Monday, July 12, 2010


I'm reading the stories below and thinking about Costa Rica and the authorization for 46 American warships and 7000 troops to take "shore leave" there.

Look at the list at the bottom of the stories I've posted below. Of the top 5 oil importers to America, 3 could be problematic if Iran is invaded. Of our top 5 suppliers only Saudi Arabia is in the Middle East and they've already given their blessings to an invasion of Iran. Canada will go with us. Mexico will probably keep on supplying to us because they need the money and they don't need any more trouble. And if they get some crazy idea about shutting us off, well, with troops and ships in Costa Rica, we've got 'em surrounded.

Venezuela and Nigeria, on the other hand, could be problems. China is partnering with Chavez and trying to buy into BP, giving them substantial control over companies and countries that we rely on for our energy and Nigeria is unstable. So what are we doing? Putting ships and troops on Venezuelas doorstep and talking of invading Nigeria (the American government denies this).

Is it possible that the ships and troops authorized to use Costa Rican waters and land may be part of an invasion force to overthrow Chavez and secure oil supplies in case of war with Iran?

And if this happens, will Petrobras take over the drilling?

I don't know; I'm just thinking out loud here.

I appreciate any ideas you guys can throw my way. Something is up, I just don't know what.

"Chinese oil giant PetroChina would “welcome” closer ties with BP as the company continues to grapple with the massive oil spill in the Gulf of Mexico, The Financial Times reported.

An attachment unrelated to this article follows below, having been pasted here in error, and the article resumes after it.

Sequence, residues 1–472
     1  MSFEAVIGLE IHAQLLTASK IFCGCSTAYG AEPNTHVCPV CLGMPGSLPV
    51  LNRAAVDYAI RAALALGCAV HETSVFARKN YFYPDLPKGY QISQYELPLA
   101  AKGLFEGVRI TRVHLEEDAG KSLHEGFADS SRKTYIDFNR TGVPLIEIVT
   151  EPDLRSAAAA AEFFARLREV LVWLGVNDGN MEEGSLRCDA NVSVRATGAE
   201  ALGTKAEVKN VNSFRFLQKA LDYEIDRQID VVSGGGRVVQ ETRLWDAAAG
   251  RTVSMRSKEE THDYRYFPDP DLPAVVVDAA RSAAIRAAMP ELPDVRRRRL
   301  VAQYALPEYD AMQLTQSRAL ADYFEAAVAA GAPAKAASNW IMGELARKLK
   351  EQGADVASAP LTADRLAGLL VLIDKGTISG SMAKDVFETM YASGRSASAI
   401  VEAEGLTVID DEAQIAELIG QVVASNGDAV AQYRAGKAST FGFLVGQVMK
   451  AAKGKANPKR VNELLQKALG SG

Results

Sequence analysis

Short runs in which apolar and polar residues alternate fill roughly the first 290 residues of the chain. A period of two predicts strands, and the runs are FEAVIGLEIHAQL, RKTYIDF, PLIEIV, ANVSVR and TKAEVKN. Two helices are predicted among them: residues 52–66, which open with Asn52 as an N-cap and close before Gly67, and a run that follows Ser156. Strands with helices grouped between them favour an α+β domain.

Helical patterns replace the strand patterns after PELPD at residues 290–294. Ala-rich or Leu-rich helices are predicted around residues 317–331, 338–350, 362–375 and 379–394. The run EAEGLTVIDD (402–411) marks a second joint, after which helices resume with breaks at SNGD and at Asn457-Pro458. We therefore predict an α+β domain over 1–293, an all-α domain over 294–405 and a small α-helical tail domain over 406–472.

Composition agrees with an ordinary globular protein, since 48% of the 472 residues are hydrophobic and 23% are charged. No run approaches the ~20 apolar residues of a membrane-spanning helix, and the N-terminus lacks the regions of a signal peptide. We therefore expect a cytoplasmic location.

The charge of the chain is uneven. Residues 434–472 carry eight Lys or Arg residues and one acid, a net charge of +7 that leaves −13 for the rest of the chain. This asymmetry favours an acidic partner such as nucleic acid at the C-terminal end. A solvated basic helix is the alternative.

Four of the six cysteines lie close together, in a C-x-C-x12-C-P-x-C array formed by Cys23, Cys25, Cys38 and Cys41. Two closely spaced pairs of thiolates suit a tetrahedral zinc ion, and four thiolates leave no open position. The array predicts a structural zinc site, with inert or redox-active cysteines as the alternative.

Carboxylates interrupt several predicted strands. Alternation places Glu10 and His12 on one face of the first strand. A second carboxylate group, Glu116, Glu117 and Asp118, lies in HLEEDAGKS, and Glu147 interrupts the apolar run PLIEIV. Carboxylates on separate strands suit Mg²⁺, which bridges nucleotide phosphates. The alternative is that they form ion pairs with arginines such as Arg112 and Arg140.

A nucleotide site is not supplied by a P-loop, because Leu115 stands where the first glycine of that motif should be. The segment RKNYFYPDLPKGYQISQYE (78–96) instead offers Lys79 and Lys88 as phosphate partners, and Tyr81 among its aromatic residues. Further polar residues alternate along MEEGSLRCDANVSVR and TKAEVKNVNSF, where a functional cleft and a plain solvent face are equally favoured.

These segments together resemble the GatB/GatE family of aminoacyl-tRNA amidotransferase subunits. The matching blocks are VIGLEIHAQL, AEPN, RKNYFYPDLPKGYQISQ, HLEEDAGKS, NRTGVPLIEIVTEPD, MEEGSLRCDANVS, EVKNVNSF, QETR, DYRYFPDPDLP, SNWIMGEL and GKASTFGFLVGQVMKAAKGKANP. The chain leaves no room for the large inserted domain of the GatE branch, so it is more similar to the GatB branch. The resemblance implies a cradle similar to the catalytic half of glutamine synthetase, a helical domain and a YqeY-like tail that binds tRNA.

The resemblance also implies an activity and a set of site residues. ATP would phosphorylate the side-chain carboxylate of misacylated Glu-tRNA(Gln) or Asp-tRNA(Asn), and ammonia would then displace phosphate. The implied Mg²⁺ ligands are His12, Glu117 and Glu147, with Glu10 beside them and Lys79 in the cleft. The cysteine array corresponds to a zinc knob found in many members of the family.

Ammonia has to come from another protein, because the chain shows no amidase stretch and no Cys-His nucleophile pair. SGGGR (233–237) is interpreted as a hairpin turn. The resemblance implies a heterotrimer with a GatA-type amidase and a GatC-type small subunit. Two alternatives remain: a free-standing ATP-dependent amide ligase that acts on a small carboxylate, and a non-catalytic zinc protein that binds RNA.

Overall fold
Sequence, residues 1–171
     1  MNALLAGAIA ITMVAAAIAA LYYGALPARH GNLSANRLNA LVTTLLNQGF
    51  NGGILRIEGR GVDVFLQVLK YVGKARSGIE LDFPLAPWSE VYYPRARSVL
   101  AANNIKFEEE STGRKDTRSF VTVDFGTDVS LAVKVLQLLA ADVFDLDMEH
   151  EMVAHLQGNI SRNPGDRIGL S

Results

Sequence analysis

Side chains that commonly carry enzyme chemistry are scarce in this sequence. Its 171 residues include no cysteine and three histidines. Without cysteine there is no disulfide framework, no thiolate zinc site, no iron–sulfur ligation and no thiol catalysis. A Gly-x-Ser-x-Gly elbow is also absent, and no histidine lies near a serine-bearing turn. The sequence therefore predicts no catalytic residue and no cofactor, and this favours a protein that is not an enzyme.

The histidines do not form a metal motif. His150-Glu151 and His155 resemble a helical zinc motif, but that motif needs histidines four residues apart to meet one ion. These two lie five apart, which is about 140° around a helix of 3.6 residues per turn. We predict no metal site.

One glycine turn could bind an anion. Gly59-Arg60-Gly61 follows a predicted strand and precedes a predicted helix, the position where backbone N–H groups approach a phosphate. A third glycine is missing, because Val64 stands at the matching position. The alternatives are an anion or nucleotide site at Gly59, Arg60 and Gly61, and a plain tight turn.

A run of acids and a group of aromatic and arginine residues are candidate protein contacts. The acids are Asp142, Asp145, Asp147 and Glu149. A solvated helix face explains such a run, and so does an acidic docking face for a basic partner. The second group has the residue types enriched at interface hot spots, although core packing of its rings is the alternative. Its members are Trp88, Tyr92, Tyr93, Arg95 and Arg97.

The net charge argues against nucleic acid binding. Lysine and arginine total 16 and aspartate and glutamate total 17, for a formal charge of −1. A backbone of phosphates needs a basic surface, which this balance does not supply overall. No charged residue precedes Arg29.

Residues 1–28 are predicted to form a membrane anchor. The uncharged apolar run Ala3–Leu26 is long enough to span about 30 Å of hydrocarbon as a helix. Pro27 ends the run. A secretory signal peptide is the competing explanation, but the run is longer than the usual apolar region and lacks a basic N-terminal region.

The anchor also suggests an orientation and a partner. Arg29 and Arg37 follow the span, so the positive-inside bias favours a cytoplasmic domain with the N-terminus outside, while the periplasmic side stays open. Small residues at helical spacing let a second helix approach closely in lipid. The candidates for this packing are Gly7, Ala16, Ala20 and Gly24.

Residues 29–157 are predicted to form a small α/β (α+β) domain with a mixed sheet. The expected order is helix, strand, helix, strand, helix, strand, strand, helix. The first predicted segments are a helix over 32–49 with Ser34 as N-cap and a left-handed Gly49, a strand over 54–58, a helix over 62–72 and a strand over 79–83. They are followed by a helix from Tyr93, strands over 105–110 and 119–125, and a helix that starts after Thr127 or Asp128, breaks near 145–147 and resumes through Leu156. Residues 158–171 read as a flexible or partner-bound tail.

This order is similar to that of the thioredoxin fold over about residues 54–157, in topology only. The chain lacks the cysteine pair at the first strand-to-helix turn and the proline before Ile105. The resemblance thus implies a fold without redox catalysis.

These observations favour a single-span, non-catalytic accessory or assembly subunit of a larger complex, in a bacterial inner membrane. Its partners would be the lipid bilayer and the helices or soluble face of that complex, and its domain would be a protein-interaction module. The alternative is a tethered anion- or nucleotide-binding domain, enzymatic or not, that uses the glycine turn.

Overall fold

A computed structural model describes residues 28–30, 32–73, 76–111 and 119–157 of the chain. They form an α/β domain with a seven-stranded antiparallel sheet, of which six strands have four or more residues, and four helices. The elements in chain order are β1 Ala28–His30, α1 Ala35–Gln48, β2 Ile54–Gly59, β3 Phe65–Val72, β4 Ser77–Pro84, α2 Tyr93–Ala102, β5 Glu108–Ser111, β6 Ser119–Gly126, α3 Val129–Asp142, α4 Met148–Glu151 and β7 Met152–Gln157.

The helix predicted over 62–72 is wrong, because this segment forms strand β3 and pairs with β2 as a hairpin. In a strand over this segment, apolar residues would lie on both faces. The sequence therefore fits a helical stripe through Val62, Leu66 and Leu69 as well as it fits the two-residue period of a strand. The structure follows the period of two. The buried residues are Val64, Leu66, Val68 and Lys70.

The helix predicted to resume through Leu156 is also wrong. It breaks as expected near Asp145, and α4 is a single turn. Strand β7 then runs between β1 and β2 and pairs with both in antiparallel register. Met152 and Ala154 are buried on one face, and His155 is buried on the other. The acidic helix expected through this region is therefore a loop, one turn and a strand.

Mao Zefeng, PetroChina head of investor relations, told the Financial Times that the company’s initial reaction to BP’s problems in the Gulf of Mexico was to see how it could “help BP to quickly fix the problem”.

“We contacted them to see if there is anything we can help with in terms of engineering or technical help,” Mao told the paper.

The comments come at a time when Chinese energy companies are spending billions on overseas acquisitions."
New York Times

"Venezuela and China gave a new boost to their thriving economic ties Tuesday, signing a package of agreements that advances China strategy of locking in access to the South American country's vast oil reserves.

After two days of talks in Caracas, the China National Offshore Oil Corporation will help the government of President Hugo Chavez develop the Boyaca 3 oil block in the Orinoco-belt, a large heavy-crude basin in Eastern Venezuela.

The move is part of Venezuela's efforts to increase oil sales to China to 1 million barrels per day from the 400,000 barrels per day it says it currently supplies. Under Chavez, Venezuela has tried to curb oil exports to the U.S. and searched for new markets. Despite his efforts, the U.S. remains the main destination for Venezuela oil, with sales averaging around 1 million barrels per day.

The China National Petroleum Corporation also moved forward by securing access to another oil block in the Orinoco region that could eventually produce 400,000 barrels of oil per day."
Wall Street Journal December 23, 2009

"President Barack Obama is preparing American troops for a special intervention in Nigeria, in the event of a widespread chaos that could threaten oil production, a top brass in the U.S. army and a security expert have revealed.

According to the Commander, U.S. Africa Command (AFRICOM), General William Ward, American troops have been placed on red alert as the government is monitoring the political situation in Africa’s most populous nation.
Daniel Volman, Director of the U.S-based Africa Security Research Project, added that a growing U.S. need for natural resources was one of the main reasons the Defence Department developed AFRICOM, in the light of instability in places such as oil-rich Nigeria."
Nigerian Compass

(Thousands of barrels per day)

CANADA 1,883
MEXICO 1,134
U.S. Energy Information Administration

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